My part of the evening was front-loaded with the various parts of the ceremony and program. The performances went off smoothly, the singers didn’t forget the words to the national anthems (that happened last year – embarrassing!!), the speeches wee well-received. Once the Big Band started playing, and the socialization/networking part of the evening started, I could relax a bit and enjoy the rest of the program.
Then the band played “Moonlight Serenade.” I was talking with the swing dance band at the time (OK, to be honest, I was taking silly selfies with them).
When the song started, I got excited and exclaimed that I loved that song. One of the dancers asked if I wanted to dance. Of course I said yes. Being a Hoopingarner man, I can’t dance well AT ALL, but I couldn’t pass up the opportunity to dance to a song that was so meaningful to me.
Having actual dancing skills, she led. That was more than fine with me. I think I might have talked with her during the song. But to be honest, during the whole time, I was carried back to my younger days.
Everyone agreed that this year’s event was the best ever. Even the Ambassador said so.
A lot of people worked hard on this event, and we all had to work together. For me, it was more than a successful representational event. We showcased a quintessentially American art form, and had a lot of fun. And of course the evening was especially great because this year I got to spend time with this wonderful person, too!
This was the best July 4 event I’ve ever done. I put a lot of pressure on myself to make the program flow and to integrate the performances in with the rest of the event. The venue was glorious, the decorations were beautiful. I made new memories, and relived old memories. And I got to share my love for jazz with old and new friends. It was an emotional evening for me, and I will never forget it.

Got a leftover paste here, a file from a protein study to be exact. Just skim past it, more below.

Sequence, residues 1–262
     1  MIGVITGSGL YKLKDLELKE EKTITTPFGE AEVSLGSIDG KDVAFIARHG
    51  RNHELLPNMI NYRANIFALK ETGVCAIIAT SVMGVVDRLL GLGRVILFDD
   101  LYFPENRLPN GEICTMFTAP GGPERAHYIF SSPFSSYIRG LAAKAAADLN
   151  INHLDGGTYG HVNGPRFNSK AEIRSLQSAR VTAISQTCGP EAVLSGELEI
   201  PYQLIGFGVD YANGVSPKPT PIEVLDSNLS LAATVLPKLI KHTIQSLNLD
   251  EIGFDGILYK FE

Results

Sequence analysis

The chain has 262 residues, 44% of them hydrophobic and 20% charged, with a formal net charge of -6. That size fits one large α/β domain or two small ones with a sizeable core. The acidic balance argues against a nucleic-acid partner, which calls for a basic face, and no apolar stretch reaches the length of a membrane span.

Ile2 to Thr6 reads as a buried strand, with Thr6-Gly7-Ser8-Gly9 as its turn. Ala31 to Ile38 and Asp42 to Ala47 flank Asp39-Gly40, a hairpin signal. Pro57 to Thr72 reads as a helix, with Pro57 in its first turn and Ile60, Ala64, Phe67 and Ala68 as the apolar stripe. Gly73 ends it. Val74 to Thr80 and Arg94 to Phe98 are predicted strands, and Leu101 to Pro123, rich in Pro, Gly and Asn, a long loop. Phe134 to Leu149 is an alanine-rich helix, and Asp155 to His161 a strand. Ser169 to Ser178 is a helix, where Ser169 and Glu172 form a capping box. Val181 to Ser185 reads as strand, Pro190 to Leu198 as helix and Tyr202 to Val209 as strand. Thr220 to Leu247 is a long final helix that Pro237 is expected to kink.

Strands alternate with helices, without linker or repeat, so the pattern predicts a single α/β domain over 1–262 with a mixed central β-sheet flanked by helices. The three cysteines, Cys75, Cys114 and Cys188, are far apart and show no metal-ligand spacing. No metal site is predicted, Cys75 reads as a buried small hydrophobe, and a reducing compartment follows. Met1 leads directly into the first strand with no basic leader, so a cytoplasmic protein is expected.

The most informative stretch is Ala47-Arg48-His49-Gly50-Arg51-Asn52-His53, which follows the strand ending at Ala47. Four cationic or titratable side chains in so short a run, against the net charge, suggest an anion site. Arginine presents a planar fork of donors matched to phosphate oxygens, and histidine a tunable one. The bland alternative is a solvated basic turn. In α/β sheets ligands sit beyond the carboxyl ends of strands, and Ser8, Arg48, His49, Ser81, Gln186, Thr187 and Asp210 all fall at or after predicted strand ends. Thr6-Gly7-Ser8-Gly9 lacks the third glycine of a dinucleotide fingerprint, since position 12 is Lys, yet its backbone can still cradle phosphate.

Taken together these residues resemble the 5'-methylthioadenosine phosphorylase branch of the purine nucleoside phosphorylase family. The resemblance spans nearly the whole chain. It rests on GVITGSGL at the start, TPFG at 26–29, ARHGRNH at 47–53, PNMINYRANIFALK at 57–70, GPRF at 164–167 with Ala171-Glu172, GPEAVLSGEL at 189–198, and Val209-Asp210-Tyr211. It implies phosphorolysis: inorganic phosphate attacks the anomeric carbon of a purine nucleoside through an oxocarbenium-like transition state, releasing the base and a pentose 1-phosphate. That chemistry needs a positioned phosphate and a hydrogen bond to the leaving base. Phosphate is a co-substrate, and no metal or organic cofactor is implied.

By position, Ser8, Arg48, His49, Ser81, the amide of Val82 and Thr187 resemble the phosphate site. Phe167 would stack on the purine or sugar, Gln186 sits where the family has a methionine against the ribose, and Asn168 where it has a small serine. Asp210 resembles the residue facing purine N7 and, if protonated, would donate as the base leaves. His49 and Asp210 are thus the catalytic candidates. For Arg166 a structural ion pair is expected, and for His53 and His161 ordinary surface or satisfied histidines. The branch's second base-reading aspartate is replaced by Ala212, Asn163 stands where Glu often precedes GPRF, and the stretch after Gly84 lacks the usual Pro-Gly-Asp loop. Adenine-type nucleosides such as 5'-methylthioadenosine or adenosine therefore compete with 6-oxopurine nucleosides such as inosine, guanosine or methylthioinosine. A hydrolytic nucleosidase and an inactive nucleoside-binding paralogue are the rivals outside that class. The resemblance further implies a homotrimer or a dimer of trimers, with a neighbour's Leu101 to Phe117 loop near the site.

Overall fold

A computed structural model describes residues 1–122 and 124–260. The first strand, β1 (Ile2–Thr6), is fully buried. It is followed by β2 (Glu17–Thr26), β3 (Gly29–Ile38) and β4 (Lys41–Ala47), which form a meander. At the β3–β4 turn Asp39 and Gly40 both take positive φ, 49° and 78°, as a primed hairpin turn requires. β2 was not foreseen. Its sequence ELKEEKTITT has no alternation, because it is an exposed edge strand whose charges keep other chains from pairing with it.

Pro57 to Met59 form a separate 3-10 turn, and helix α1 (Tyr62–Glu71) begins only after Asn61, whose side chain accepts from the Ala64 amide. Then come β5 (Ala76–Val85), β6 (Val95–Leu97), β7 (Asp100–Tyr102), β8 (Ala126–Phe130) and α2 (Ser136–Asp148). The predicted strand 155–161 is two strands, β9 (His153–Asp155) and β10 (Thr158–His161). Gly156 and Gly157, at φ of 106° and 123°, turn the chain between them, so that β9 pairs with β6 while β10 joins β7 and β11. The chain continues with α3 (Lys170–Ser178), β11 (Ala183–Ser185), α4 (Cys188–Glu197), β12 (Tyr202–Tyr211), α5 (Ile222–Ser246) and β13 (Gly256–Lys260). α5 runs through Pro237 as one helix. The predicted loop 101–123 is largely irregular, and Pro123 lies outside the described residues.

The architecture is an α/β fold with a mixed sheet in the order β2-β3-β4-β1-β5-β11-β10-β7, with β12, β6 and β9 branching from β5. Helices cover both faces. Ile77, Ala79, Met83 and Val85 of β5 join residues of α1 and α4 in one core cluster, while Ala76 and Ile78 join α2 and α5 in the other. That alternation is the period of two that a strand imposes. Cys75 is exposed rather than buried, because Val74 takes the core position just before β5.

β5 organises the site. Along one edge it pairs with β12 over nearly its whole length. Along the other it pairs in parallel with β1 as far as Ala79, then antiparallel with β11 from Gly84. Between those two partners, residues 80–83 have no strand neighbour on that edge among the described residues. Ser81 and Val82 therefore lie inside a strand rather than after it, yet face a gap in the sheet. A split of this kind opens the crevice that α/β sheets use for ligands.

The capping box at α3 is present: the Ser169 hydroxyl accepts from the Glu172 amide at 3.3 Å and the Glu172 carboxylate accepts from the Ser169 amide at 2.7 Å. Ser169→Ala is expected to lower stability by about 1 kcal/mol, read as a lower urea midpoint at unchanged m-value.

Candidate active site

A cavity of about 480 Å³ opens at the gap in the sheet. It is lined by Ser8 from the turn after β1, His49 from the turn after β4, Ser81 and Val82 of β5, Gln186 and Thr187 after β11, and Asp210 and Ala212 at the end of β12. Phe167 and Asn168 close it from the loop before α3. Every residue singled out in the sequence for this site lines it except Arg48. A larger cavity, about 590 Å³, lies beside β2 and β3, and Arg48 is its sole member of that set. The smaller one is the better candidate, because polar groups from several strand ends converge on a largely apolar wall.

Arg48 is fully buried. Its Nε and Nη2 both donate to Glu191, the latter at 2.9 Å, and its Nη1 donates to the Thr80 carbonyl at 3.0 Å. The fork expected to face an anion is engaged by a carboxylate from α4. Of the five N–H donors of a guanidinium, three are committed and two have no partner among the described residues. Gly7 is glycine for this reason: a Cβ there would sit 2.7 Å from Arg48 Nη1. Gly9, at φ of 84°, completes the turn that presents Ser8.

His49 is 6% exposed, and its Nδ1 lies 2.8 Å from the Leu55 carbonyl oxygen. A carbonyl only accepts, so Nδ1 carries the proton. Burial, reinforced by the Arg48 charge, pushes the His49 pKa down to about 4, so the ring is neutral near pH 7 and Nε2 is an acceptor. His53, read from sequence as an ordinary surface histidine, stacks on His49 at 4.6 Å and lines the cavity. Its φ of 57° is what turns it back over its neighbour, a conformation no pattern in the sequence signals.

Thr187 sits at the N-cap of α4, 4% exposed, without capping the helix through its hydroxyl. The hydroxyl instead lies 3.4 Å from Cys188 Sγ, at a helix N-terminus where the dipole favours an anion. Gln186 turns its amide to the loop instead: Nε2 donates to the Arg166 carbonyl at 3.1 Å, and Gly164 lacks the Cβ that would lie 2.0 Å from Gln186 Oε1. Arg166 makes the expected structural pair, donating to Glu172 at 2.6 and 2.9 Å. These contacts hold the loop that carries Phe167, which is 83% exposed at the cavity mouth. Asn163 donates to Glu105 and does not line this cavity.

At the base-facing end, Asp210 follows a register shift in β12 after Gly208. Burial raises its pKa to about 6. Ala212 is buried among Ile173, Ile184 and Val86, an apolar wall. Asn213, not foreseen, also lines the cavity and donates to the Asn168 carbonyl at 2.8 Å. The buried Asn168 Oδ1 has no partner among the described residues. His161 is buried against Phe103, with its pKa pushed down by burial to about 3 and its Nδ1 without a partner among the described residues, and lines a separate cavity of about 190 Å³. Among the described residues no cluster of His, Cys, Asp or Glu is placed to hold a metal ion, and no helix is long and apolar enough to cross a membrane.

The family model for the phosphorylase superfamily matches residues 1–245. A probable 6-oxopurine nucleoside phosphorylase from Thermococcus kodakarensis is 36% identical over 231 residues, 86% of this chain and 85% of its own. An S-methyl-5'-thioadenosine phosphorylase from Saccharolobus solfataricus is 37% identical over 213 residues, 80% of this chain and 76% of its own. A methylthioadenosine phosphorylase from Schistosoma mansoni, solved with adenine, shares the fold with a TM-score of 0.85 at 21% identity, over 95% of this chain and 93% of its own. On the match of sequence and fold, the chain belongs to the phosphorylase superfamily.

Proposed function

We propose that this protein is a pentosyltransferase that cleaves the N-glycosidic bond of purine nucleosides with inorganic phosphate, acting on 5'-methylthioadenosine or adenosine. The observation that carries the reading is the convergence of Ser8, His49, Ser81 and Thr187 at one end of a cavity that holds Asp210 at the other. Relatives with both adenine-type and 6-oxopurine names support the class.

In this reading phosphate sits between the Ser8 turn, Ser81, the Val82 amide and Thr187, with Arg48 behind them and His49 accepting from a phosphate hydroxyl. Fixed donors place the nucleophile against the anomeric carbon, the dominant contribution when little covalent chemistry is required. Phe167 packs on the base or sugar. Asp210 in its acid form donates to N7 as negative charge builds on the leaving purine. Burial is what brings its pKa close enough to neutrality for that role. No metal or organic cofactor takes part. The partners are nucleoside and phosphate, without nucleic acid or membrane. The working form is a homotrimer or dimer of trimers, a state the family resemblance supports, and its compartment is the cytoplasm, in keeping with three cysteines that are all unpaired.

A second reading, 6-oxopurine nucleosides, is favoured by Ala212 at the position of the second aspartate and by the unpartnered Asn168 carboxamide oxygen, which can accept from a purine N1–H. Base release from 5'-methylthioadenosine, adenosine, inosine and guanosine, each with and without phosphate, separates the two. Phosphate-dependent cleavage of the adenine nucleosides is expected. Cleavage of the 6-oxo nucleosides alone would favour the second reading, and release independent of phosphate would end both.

“The Best We could Do” by Thi Bui is a graphic novel that tells the story of her family’s journey. The story spans four generations, from pre-war Vietnam, though their experience as refugees, and finally as immigrants in America. The book won several awards, and it Bui deserves them all. The book also revived a strange childhood memory for me, of my mother being able to speak Vietnamese.
Bui’s family, like many people from the South, saw that they had no future in the new Vietnam, so they took their chances and left by boat. We will never know how many people drowned when their boats sank, or were killed by pirates, or died of other causes during their flight. The lucky ones made it to a refugee camp in Malaysia or other Southeast Asian country. The very lucky ones had family in the United States, and were sponsored by their relatives to go to America.
My family was on the other side of the Vietnamese refugee crisis. We were the part of American society who helped the refugees to find a new life in America. My church “adopted” a Vietnamese family.
I think their name was Mai (I now know that Mai is a family common Vietnamese family name). They were a married couple with some children, I don’t remember how many. My church rented a house for them, donated clothes for the kids, and tried to help them adjust to life in chilly Michigan. Of course it was hard. Their English wasn’t good at all, and everything was new for them, from the weather to the food to the schools. We tried to communicate, but it was a huge challenge. But to my amazement and confusion, my mother could speak a few words of Vietnamese with them!
One Sunday afternoon we went to their house for a visit. I remember my father was talking with Mr. Mai about gardening. Mr. Mai’s English was better then the rest of the family’s. But they still had trouble communicating. Every once in a while, Dad would call out an English word to Mom, who would tell him in Vietnamese. Dad and Mr. Mai managed to have a conversation, thanks to Mom’s knowledge of Vietnamese(?!).
But how did my mother, born and raised in Michigan, ever learn Vietnamese? I remember being really amazed and confused. I wanted to ask her how the heck she learned Vietnamese. But I got distracted, and then forgot to ask her later.